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Belle Benchley and the Creation of the Modern Zoo (Women in Science 34)

Belle Benchley and the Creation of the Modern Zoo (Women in Science 34)

Think back to your last zoo trip. More likely than not, most of the larger animals were contained in open air facilities, with features tailored to the animal’s native landscape. The animals probably had free access to sleeping quarters away from the public view, and diets based upon their natural food sources. You might not have seen it, but there was almost definitely an on-site veterinary... »

Julia Robinson and the Cracking of Hilbert’s Tenth Problem (Women in Science 33)

Julia Robinson and the Cracking of Hilbert’s Tenth Problem (Women in Science 33)

For mathematicians, the only thing more exciting than proving a theorem is proving that it can never be proven. These anti-proofs, if you will, stand firmly against all future progress of humanity and state, “No matter how clever you become, what new branches of thought you invent, you’ll never be able to do this. Sorry about it.” The most famous of these is Kurt Gödel’s 19... »

Breaking the Shackles Procreative: Margaret Sanger and the Creation Of The Pill. (Women in Science 32)

Breaking the Shackles Procreative: Margaret Sanger and the Creation Of The Pill. (Women in Science 32)

In 1912, it was against the law to publish a book that contained descriptions of birth control methods. It was against the law to even expound the theoretical benefits of birth control as a general notion. It was against the law to put a contraceptive diaphragm into the hands of a desperate mother of twelve in an attempt to save her life from serial pregnancy. It was against the law to give a woma... »

Making Continents Move: The Ocean Cartography of Marie Tharp (Women in Science 31)

Making Continents Move: The Ocean Cartography of Marie Tharp (Women in Science 31)

If you’re a scientist, and you’ve lived long enough, there’s a good chance that you’ll see your life’s work overwritten and forgotten in a long, piecemeal process blandly punctuated by retrospective award banquets every half decade or so. Science moves on, but usually at a pace that lets you keep your sense of self-worth well into your autumn years. Every so often, ho... »

The Monster in Dr. McClintock: The Twisted Tale of Jumping Genes

The Monster in Dr. McClintock: The Twisted Tale of Jumping Genes

Isolation makes monsters, and none so monstrous as those who willingly seek it. It is hard to work up a great deal of sympathy for individuals who, under the banner of intellectual freedom, demand the resources to do whatever they want, however they want to do it, and then routinely bite the hands of those who make their ideal life possible. The heroism of hyper individualism runs hard against our... »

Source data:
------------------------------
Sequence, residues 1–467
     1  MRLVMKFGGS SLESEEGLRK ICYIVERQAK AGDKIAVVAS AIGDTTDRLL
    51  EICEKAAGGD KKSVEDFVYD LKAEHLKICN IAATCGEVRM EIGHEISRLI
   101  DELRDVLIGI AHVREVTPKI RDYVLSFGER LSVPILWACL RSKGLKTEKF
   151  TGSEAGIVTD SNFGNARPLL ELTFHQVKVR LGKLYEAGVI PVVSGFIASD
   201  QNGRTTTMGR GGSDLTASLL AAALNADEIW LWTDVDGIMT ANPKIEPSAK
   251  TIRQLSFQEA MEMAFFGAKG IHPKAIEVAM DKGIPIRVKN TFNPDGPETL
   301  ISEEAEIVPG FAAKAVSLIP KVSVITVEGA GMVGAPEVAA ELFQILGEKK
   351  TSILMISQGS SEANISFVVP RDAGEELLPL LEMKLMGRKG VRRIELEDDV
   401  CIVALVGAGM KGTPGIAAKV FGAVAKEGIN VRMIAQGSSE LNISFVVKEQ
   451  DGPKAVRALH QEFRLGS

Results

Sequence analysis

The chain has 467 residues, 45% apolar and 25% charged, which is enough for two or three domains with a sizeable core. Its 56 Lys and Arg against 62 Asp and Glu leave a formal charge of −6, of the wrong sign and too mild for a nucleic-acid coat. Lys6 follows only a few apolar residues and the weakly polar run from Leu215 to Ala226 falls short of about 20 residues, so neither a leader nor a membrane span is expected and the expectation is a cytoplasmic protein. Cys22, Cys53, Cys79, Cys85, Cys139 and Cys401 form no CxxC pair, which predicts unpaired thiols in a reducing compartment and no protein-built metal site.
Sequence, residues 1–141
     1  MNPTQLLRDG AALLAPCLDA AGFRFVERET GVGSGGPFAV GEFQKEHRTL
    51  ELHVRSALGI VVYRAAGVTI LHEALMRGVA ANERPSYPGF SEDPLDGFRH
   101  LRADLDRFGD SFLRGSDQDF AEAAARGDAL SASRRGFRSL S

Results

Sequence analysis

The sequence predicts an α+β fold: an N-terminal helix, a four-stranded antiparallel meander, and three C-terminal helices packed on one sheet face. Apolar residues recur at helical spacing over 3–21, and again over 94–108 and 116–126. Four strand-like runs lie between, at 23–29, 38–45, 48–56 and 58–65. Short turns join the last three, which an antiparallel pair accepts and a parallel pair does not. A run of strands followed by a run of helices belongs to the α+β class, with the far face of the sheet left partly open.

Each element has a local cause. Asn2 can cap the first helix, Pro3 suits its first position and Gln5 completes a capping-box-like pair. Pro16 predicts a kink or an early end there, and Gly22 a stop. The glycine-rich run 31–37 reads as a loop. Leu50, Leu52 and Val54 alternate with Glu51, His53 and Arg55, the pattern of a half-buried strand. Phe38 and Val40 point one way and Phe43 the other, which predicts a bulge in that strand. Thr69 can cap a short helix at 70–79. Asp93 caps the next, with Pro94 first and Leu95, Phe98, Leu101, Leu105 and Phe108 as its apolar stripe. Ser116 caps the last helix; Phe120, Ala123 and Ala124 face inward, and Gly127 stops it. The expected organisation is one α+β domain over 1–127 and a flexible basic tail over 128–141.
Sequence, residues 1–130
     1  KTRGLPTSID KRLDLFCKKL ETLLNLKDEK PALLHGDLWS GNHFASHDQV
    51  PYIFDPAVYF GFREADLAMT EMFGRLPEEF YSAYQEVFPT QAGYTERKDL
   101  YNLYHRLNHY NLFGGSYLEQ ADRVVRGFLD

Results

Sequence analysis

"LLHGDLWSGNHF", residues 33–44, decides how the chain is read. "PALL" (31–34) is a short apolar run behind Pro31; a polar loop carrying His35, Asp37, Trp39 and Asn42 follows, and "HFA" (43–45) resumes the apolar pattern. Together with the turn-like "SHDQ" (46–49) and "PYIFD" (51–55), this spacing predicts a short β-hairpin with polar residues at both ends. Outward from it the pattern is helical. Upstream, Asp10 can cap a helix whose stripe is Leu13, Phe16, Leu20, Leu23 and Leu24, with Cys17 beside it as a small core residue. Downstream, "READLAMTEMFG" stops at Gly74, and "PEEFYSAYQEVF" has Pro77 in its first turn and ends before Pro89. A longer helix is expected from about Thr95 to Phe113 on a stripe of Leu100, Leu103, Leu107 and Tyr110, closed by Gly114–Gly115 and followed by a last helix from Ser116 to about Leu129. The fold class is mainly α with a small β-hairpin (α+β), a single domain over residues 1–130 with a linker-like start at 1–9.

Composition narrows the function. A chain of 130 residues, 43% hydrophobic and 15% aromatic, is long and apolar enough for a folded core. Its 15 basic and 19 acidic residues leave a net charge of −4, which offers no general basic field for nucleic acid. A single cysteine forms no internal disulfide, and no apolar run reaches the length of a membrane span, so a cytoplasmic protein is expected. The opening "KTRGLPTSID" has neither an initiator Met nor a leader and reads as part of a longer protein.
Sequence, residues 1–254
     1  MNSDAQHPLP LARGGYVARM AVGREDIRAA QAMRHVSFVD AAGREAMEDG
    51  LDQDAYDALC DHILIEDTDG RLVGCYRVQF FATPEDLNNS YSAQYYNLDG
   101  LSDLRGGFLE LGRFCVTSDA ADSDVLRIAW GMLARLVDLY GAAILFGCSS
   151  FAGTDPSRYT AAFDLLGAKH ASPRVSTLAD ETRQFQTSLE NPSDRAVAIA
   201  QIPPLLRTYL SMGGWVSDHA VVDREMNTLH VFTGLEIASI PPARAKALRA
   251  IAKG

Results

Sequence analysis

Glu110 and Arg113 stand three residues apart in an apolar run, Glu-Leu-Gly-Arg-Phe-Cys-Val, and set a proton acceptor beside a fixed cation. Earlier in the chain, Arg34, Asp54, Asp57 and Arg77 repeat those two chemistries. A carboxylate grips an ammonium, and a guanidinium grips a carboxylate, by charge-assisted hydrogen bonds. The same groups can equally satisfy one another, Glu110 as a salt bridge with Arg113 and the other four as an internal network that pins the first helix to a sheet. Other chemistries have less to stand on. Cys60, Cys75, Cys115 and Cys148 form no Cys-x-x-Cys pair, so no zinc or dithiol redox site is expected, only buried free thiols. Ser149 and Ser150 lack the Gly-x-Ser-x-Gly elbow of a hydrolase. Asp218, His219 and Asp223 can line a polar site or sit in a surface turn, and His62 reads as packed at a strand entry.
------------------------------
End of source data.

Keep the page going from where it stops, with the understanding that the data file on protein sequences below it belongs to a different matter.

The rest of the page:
The Illustrated Women In Science: Year One!

The Illustrated Women In Science: Year One!

Thrill to the jungle-crawling entomology of Maria Merian, cheer at the multi-dimensional mathematics of Maryam Mirzakhani, weep at the tragic end of Sofia Kovalevskaya, and gasp at the universe-cracking insights of Emmy Noether!  All 26 of the MadArtLab Women In Science cartoons and essays are now available in one handy volume, dear friends.  With luscious full color interiors and a lovely introdu... »

Of  Artificial Radiation  and  Natural Genius:  The Chemistry of Irène Joliot-Curie  (Women In Science 29)

Of Artificial Radiation and Natural Genius: The Chemistry of Irène Joliot-Curie (Women In Science 29)

  Radioactivity is a great thing. Terrible, but great. The medical applications of radioactively tagged molecules, as Rosalyn Yalow proved, are legion, and have saved millions of lives since their introduction. Tricky thing, though – the big atoms that tend to be radioactive also tend to be achingly rare and not particularly present in biological compounds. Radium, to take just one exam... »

Unearthing the World Jurassic: Mary Anning and the Founding of Paleontology (Women In Science 28)

Unearthing the World Jurassic: Mary Anning and the Founding of Paleontology (Women In Science 28)

As the tide rolls out, a woman in a hardened bonnet and loose fitting clothes scrambles across the crumbling cliffs of Lyme Regis, a large sack flung over her back, and pick axe in hand. She is Mary Anning, out on the hunt for fossils to sell in order to earn enough money to eat, and before her fifteenth birthday, her discoveries will challenge all established wisdom about the Earth’s geolog... »

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